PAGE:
RANHFV Official History - Page 3

 

 

2ND CONTINGENT

 

The replacement flight led by Lieutenant Commander G. Rohrsheim arrived at Blackhorse on September 9, 1968 and Lieutenant Commander Rohrsheim relieved Lieutenant Commander Ralph as the executive officer of 135th Assault Helicopter Company.

 

Lieutenant I. M. Speedy was the senior pilot, second-in-charge of the Flight, and commander of the 1st platoon for the first six months of his tour, before being relieved by Sub-Lieutenant C. R. Rex. For the remainder of his tour, Lieutenant Speedy carried out the duties of operations officer.
 

Enemy activity in III Corps in this period was most marked in Tay Ninh province north-west of Saigon. The company continued to fly in support of the 5th and 25th ARVN Divisions, the ARVN Airborne Brigade, elements of the US 9th and 25th Infantry Divisions and the 1st Australian Task Force. Contact with the enemy remained light until October 23, when 9th Infantry Division units met heavy resistance south-east of Ben Tre, Kien Hoa province. The EMUs led by Lieutenant Commander Rohrsheim made seven landings in three landing zones. Two aircraft were shot down and seven damaged with four crew members being injured. A helicopter piloted by Sub-Lieutenant T. F. Supple was one of those forced down by enemy fire. He and his crew were rescued by an aircraft piloted by Sub-Lieutenant A. J. Huelin.

 

Move to Bearcat

 

The 135th was re-allocated to the 222nd Combat Aviation Battalion in mid-November and on November 23 moved to Camp Martin Cox (Bearcat), twenty miles north-east of Saigon in Bien Hoa province, to be with the other companies of the 222nd. This change of parent battalion occurred frequently during the four-year RANHFV/ 135th AHC integration—a disruptive event, as the battalion HQ was responsible not only for the control of company personnel (postings, replacements and leave), but also was responsible for the provision of building materials and recreational facilities.

 

The move to Bearcat added support for Thai Forces to the operational commitments of the EMUs, as at that time the camp was the main base of the Royal Thai Army in Vietnam.

 

The Bearcat-Long Binh road was mined twice in early January. On the second occasion, the truck used to transport local Vietnamese to and from their day’s work at the camp was extensively damaged. On January 28, a small enemy group was engaged on the perimeter while firing mortar rounds into the camp. Intensive mortar attacks resumed in late February with ninety-nine rounds landing in or around the company area in a six-day period. No personnel were injured although some minor damage was done to buildings.

 

Sub-Lieutenant Huelin killed

 

On January 3, 1969, Sub-Lieutenant Huelin, his US Army co-pilot and aircrew were killed when their helicopter hit power lines near Saigon, crashed and exploded. They had been detailed to fly from Bearcat to the Seven Mountains area, Chau Doc province, a distance of about 140 miles.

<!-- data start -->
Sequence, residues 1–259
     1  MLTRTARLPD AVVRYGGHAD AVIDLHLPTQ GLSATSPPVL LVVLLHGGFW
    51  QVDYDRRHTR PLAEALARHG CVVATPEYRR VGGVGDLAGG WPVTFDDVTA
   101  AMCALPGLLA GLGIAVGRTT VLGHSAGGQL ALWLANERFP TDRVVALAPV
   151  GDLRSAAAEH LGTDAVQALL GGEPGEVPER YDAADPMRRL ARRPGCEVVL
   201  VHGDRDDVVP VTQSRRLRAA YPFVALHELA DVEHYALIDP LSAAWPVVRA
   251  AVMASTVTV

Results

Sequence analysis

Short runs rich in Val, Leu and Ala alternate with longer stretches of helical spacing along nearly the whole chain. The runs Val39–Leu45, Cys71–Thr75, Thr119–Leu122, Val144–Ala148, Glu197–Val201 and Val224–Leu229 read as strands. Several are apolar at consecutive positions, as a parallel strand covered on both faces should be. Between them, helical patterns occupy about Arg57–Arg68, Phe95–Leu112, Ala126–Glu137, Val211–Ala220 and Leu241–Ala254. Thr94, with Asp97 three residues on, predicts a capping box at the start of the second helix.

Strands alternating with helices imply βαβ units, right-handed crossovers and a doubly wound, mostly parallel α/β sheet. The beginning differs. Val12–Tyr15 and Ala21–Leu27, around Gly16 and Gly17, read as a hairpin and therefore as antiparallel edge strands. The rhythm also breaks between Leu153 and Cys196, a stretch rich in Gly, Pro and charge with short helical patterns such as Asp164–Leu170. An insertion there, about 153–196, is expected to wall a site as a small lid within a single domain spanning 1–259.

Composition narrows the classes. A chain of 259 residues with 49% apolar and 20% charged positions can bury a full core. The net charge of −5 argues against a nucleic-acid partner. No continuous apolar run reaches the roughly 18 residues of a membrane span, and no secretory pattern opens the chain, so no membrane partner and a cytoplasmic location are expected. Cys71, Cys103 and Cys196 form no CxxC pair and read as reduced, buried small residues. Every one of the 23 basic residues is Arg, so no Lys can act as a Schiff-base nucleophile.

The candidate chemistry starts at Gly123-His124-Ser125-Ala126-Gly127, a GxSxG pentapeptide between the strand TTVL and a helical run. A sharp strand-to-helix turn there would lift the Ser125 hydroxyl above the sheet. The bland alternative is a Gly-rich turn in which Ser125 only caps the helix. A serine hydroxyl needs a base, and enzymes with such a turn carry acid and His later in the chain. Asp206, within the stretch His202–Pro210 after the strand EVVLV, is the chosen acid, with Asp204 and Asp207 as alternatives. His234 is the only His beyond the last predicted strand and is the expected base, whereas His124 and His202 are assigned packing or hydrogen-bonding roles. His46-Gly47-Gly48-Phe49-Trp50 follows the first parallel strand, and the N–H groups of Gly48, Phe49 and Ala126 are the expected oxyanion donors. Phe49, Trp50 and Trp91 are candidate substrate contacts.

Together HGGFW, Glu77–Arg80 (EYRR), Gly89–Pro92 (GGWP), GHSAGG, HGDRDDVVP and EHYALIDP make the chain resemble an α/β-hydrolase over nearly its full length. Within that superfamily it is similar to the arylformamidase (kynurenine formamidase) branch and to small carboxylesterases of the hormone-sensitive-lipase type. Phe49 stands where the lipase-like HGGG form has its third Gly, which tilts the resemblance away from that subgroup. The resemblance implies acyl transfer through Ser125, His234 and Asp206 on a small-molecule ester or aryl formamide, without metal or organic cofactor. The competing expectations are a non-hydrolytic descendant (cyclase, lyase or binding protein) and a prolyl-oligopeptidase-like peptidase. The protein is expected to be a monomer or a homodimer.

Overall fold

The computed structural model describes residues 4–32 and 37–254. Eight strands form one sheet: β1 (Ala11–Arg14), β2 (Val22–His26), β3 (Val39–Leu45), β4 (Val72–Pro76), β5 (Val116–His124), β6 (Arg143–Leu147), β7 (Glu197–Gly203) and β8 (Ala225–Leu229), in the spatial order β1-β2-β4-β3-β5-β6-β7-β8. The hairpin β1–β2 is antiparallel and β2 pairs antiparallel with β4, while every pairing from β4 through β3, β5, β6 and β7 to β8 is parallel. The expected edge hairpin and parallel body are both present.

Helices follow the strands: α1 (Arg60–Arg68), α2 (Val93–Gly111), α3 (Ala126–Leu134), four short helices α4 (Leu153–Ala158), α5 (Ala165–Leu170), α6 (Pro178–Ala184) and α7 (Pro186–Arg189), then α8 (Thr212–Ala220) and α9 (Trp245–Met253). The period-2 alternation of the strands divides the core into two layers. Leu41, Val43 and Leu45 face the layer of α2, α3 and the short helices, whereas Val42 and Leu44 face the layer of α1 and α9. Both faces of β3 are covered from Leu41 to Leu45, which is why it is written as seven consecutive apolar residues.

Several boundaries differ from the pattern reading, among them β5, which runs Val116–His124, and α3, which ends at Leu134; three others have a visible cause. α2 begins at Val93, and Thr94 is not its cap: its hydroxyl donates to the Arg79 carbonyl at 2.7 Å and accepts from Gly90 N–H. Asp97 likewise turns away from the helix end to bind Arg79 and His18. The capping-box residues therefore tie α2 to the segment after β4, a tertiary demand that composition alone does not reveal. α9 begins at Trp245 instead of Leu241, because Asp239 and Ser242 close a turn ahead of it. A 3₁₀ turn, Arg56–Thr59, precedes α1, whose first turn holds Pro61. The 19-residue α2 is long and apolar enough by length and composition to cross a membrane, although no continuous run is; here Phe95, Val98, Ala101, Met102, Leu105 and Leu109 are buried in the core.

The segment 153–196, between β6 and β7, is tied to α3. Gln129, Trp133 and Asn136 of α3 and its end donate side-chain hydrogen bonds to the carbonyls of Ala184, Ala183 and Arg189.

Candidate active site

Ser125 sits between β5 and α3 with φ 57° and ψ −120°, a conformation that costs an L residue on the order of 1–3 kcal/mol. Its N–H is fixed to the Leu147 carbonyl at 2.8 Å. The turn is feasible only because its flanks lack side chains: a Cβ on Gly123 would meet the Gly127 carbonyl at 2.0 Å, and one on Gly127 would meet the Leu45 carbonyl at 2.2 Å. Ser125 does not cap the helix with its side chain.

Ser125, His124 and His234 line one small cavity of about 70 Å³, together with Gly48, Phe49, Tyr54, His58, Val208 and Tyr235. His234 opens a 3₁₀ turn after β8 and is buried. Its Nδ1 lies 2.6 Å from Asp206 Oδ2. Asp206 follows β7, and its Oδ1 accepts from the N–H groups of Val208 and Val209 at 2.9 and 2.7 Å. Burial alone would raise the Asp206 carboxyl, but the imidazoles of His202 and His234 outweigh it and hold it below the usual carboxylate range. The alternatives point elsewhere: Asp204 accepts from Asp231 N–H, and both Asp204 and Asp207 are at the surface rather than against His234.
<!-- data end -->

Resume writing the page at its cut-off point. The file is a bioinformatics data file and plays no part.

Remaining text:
Low cloud and fog conditions were prevailing at the time, but because the mission was an important one, Sub-Lieutenant Huelin was unwilling to abandon it. He took off on the long flight early in the morning and, remaining dogged by thick cloud, hit the powerlines just before dawn. His determination to carry out a vital mission in the face of adverse weather conditions was a striking indication of the high morale which sustained RANHFV.

 

Operations in IV Corps

 

 

The dry season campaign of the 7th and 9th ARVN Divisions in IV Corps had begun on December 8, 1968. The 135th was under the control of the 214th Aviation Battalion for these successful field operations in which eighty-nine Viet Cong had been killed by the end of the year.

 

This new commitment to operations in IV Corps necessitated long flying hours as the 7th and 9th ARVN Divisions were in action in the Delta from My Tho, a provincial city thirty-five miles south of Saigon, across to Long Xuyen, nearly 100 miles from Saigon. Operations in IV Corps had always been a possibility for the EMUs, but after one large operation in the Ca Mau peninsula in early December 1967, the 135th had made few flights into the corps area.

The campaign to clear the northern IV Corps provinces of enemy forces continued through January and February 1969 with the EMUs engaged almost entirely in the provinces of Sa Dec, Vinh Long and Vinh Binh, assisting the 9th ARVN Division.

 

Vinh Long

 

The early evening of February 2 found the EMUs taking part in a vigorous action in Vinh Long province. The slicks were held down in the landing zone by heavy fire from a Viet Cong force entrenched in a treeline. Some of the gun-ships called in to assist in extricating the slicks were themselves hit and forced down. Sub-Lieutenant Supple and Sub-Lieutenant W. E. Symons, with their crew, escaped from their downed helicopter only by conducting a running gunfight with the Viet Cong, having unhitched the M60 machine-guns from their aircraft. They were rescued by Sub-Lieutenant M. A. Perrott and Sub-Lieutenant R. J. Kyle who, having been recalled from Ben Tre, had to pilot their slick through intense ground fire to reach the downed aircrew.

 

Sub-Lieutenant Symons was wounded in action during night operations on February 22 and after surgery at the 1st Australian Field Hospital returned to Australia in March. He was replaced in the contingent by Lieutenant A. H. Craig from 9 Squadron RAAF. In 2979 flying hours during February, EMU aircraft received forty-eight hits, and the company killed fifty-two Viet Cong.

 

As the dry season campaign progressed in March and April, the enemy scored fewer hits on EMU aircraft while continuing to suffer high losses themselves; by early April the 135th’s aggressive airmobile tactics had broken enemy regiments and battalions into companies or smaller units. Depressed Viet Cong morale was shown by the marked increase of Chieu Hoi rallying to the Saigon government. EMU helicopters received twenty-seven hits in March and killed more than eighty Viet Cong. In April fifty-six Viet Cong were killed with the enemy scoring only three hits on the company aircraft.

 

'Eagle flights'

 

As Viet Cong units became smaller, ‘Eagle flight’ tactics were widely used. A single gunship, or small flight, directed by the ground commander who took advantage of freshly-acquired intelligence, quickly searched an area for caches and enemy locations. On April 18, an EMU aircraft on one of these missions engaged a Viet Cong company, preventing its escape while troops of the 7th ARVN Division closed in to capture twenty-five of the enemy. Sub-Lieutenant J. M. W. Hart was the co-pilot of this gunship which killed ten of the enemy in the exchange of fire.